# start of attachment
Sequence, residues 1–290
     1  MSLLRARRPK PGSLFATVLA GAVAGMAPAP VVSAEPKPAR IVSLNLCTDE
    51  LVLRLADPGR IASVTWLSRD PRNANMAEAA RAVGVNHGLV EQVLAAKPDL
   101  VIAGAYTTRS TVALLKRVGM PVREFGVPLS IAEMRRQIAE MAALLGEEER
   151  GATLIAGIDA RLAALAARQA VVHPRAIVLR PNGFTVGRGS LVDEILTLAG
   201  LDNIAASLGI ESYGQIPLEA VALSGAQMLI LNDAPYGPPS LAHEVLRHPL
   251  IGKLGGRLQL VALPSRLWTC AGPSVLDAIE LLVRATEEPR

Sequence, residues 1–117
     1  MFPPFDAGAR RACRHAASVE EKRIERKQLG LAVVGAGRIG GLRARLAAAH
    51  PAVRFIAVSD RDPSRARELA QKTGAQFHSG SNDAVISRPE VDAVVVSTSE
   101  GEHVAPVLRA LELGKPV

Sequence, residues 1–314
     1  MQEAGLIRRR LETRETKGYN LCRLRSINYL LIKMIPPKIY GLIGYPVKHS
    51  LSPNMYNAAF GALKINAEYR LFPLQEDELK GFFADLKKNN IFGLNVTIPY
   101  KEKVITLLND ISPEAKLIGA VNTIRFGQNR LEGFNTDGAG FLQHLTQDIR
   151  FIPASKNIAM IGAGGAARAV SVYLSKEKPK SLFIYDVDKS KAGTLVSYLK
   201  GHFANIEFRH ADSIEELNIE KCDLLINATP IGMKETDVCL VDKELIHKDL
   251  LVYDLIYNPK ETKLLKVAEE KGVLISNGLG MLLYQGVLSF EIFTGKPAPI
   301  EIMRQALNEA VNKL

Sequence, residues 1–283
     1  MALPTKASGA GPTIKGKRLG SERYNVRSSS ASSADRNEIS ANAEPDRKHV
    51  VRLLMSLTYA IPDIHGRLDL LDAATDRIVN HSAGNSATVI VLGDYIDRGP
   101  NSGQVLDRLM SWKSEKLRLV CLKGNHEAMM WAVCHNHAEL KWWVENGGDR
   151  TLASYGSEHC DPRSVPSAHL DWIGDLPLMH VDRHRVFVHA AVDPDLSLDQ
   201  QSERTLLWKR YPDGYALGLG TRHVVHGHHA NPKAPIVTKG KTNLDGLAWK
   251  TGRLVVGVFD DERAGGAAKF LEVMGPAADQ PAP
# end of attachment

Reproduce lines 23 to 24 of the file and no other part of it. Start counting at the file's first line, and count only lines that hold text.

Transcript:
   101  NSGQVLDRLM SWKSEKLRLV CLKGNHEAMM WAVCHNHAEL KWWVENGGDR
   151  TLASYGSEHC DPRSVPSAHL DWIGDLPLMH VDRHRVFVHA AVDPDLSLDQ